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Kyoto, with its hundreds of temples and gardens, was the imperial capital between 794 and 1868, and remains the cultural centre of Japan. Its raked pebble gardens, sensuously contoured temple roofs and mysterious Shintō shrines fulfill the Japanese fantasy of every Western cliché hunter.With an astonishing 1600 Buddhist temples, 400 Shintō shrines, a trio of palaces, and dozens of gardens and museums, Kyoto is Japan's cultural treasure house. Seventeen of Kyoto's ancient structures and gardens have been declared UNESCO World Heritage sites.   

Kyoto is a sightseer's paradise. It is virtually a living museum of Japan's great artistic heritage. To explore it on foot, at least in each general area, is an intriguing and rewarding experience that creates unforgettable memories. Further, sightseeing is facilitated by the original basic grid pattern in which the city was first laid out. But whichever way you choose to view the treasures of Kyoto, you will never see enough - and never be disappointed.

Some of Kyoto's famous tourist attractions are as follows:

1. Nijo Castle

Nijo Castle (二条城, Nijōjō) was built in 1603 as the Kyoto residence of Tokugawa Ieyasu, the first shogun of the Edo Period (1603-1867). His grandson Iemitsu completed the castle's palace buildings 23 years later and further expanded the castle by adding a five story castle keep.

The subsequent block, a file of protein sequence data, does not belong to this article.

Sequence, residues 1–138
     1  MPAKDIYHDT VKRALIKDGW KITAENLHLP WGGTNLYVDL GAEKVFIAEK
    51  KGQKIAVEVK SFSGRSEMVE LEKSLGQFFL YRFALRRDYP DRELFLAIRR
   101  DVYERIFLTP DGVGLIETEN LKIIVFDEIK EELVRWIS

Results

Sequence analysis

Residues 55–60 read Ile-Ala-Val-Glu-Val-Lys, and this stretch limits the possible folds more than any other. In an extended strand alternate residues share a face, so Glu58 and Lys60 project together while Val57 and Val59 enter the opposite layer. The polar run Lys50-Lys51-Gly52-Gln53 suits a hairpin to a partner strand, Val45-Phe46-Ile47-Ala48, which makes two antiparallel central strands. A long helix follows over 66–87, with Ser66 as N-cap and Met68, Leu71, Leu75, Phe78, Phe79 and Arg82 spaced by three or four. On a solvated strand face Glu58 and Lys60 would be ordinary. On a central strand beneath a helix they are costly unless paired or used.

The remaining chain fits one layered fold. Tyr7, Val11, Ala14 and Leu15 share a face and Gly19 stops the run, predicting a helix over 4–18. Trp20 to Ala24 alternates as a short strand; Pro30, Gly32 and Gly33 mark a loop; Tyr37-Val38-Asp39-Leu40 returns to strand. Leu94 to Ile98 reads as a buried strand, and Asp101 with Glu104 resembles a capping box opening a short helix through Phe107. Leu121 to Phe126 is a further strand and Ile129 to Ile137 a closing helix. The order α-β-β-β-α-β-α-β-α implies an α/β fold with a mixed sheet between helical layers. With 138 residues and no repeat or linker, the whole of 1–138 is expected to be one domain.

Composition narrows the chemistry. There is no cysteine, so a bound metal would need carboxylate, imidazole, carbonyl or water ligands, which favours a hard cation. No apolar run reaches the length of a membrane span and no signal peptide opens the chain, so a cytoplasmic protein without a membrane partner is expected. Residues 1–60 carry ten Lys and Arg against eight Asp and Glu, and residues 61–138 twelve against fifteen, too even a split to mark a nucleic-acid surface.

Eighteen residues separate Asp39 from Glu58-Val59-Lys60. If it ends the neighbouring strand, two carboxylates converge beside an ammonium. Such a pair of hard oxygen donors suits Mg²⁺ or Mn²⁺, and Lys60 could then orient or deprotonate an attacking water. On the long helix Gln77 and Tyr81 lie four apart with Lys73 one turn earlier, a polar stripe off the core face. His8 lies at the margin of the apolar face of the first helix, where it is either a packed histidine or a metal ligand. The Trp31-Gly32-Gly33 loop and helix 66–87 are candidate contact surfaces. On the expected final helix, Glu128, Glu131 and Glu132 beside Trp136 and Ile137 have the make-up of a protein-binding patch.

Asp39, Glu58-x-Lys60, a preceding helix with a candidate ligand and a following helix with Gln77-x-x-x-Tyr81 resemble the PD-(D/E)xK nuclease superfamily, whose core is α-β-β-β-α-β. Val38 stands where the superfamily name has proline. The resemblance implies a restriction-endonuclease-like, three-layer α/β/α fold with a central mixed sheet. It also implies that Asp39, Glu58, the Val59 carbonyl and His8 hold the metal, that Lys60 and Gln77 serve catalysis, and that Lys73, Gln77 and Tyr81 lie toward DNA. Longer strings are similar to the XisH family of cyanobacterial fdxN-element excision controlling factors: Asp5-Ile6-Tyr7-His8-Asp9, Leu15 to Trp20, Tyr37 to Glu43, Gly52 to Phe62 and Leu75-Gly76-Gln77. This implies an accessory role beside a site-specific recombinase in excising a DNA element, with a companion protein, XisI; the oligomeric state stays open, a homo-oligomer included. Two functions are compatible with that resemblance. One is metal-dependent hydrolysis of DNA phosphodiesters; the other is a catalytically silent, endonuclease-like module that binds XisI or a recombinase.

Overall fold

After the Tokugawa Shogunate fell in 1867, Nijo Castle was used as an imperial palace for a while before being donated to the city and opened up to the public as a historic site. Its palace buildings are arguably the best surviving examples of castle palace architecture of Japan's feudal era, and the castle was designated a UNESCO world heritage site in 1994.

Nijo Castle can be divided into three areas: the Honmaru (main circle of defense), the Ninomaru (secondary circle of defense) and some gardens that encircle the Honmaru and Ninomaru. The entire castle grounds and the Honmaru are surrounded by stone walls and moats.

Karamon Gate

Visitors to Nijo Castle enter the castle grounds through a large gate in the east. English audio guides are available for rent (500 yen) at a kiosk just inside the gate. Venturing further into the castle will bring you to the Chinese style Karamon Gate, the entrance to the Ninomaru (secondary circle of defense), where the castle's main attraction, the Ninomaru Palace is located.